This is P-39N-5 “Little Sir Echo / Small Fry” Serial Number 42-19027 which served with the USAAF 5th Air Force (AF), 71st Tactical Reconnaissance Group (TRG), 82nd Tactical Reconnaissance Squadron (TRS), from June 1943 to July 16, 1944. It was abandoned at Tadji, Papua New Guinea, a Japanese airfield that was liberated by the US Army on April 26, 1944. Tadji became a major Allied air depot for American and Australian forces, and the resting place for this P-39 for the next thirty years. It is now on static display at the Planes of Fame Museum in Chino, CA.
This specific P-39 was delivered to the US Army on April 28, 1943, and sent to the Pacific in May. Lyndall W. Tate was assigned to this aircraft. Lyndall was born Oct 20, 1920 in Texas, and passed away Sept 15, 2008. He served over 28 years in the military. If anyone else has any further information on Lyndall, please let us know more about this hero. The aircraft was recovered from Tadji in a 1974 salvage operation funded by David Talichet’s Yesterday’s Air Force (MARC). It currently is on static display at the Planes of Fame museum. It still supports its original markings of Olive Drab over Neutral Grey with White New Guinea theatre markings on tail unit, wing leading edges and spinner (thin White band on nose). In addition it features an interesting shark mouth on the center drop-tank.
The Bell P-39 was one of the US’s main-line fighters when war first broke out in the Pacific at the beginning of World War II. It was unique at the time for having a tricycle undercarriage and a mid-mounted engine located behind the pilot. This arrangement was due to the proposed installation of a powerful 30 mm cannon in the nose. Ultimately, the P-39 was unable to achieve the same performance of later US and European fighters, mainly due to a lack of a turbo-supercharged engine which greatly limited the P-39’s ceiling and speed. However, its low-altitude performance, mid-mounted engine, and armor plating allowed it to become a great ground-support aircraft, most notably used by the Soviet Air Force. In the end, the Bell P-39 became Bell’s most successful fixed-wing aircraft that they ever produced.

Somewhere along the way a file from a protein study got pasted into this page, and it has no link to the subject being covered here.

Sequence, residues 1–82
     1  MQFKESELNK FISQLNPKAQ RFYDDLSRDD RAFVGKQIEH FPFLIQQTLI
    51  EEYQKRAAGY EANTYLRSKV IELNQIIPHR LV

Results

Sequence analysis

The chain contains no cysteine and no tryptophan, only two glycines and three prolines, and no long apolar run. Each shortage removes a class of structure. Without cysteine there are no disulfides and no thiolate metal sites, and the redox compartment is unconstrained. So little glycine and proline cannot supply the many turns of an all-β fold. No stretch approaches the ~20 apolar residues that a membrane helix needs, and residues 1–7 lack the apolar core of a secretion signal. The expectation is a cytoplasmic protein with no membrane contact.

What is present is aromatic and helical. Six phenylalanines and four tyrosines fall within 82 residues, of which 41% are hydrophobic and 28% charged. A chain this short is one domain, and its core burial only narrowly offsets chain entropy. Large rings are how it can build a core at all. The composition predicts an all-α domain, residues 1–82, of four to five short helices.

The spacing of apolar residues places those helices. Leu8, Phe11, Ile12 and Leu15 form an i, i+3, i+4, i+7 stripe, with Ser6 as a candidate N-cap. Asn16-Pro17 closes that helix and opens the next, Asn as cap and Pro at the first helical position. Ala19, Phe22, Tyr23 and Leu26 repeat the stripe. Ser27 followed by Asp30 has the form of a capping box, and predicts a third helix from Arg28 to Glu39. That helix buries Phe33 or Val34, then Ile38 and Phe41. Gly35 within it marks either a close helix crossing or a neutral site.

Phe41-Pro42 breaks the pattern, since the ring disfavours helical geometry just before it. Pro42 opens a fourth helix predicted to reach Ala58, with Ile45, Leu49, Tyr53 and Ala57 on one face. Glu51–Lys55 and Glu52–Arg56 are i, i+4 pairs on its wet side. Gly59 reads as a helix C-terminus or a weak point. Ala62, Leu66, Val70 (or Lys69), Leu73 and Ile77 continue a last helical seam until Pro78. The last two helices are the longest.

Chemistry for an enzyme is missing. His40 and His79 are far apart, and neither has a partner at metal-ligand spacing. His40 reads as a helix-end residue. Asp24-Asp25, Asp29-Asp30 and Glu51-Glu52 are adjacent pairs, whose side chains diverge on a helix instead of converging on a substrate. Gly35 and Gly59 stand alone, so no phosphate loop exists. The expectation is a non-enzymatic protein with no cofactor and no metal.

In the back lot of the Planes of Fame Museum located in Chino, CA is a full-size replica of the Bell X-2 StarBuster research aircraft (s/n 46-674). The replica was built and used as a prop in the 1989 pilot episode of the NBC TV series “Quantum Leap”. It was also used in several other movies, including “Space Cowboys”.
Constructed out of fiberglass and foam in less than 10 days, it now sits, wingless, on a wheeled dolly poking its nose between two trees. Even after sitting outside for many years, it is still in remarkably good condition.
The X-2 was a very significant test vehicle, and was instrumental in advancing high-speed aerodynamic research. On 27 September 1956, Capt. Milburn G. “Mel” Apt, flying the real X-2, became the first man to fly faster than three times the speed of sound (Mach 3.196). Unfortunately, he lost control of the aircraft when returning to Edwards and died in the escape capsule. The wreckage was recovered, and although many of the engineers wished to rebuild it, it was ultimately buried in an unmarked grave somewhere on Edwards Air Force Base.
For more information on the real Bell X-2, visit A SHADOW OVER THE HORIZON, THE BELL X-2 by Robert W. Kempel with Richard E. Day
Great shot of an A-10 over Afghanistan. In this picture, Capt. Andrew Quinn flies his OA/A-10 Thunderbolt II observation/attack aircraft to a refueling position behind a KC-135 Stratotanker. This picture was taken on Sunday, March 26, 2006 by U.S. Air Force photo/Master Sgt. Lance Cheung. Captain Quinn is currently deployed to the 355th Expeditionary Fighter Squadron at Bagram Air Base, Afghanistan. The A-10 Thunderbolt II is a single-seat, twin-engine, straight-wing jet aircraft designed to provide close air support (CAS) of ground forces.
It was the first U.S. Air Force aircraft, designed in the 1970’s, exclusively for close air support . The A-10’s official name comes from the Republic P-47 Thunderbolt of World War II, a fighter that was particularly effective at close air support. The A-10 is more commonly known by its nickname “Warthog” or simply “Hog”.